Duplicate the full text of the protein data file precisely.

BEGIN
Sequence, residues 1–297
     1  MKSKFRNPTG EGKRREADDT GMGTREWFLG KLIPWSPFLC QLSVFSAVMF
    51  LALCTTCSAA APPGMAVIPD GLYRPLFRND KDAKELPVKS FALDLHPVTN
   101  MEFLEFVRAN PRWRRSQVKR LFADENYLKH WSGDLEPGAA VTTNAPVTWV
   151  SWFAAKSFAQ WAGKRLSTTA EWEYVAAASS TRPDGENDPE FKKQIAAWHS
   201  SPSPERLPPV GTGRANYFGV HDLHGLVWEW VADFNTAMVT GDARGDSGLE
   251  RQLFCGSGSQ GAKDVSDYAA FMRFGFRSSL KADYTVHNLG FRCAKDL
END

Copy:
Sequence, residues 1–297
     1  MKSKFRNPTG EGKRREADDT GMGTREWFLG KLIPWSPFLC QLSVFSAVMF
    51  LALCTTCSAA APPGMAVIPD GLYRPLFRND KDAKELPVKS FALDLHPVTN
   101  MEFLEFVRAN PRWRRSQVKR LFADENYLKH WSGDLEPGAA VTTNAPVTWV
   151  SWFAAKSFAQ WAGKRLSTTA EWEYVAAASS TRPDGENDPE FKKQIAAWHS
   201  SPSPERLPPV GTGRANYFGV HDLHGLVWEW VADFNTAMVT GDARGDSGLE
   251  RQLFCGSGSQ GAKDVSDYAA FMRFGFRSSL KADYTVHNLG FRCAKDL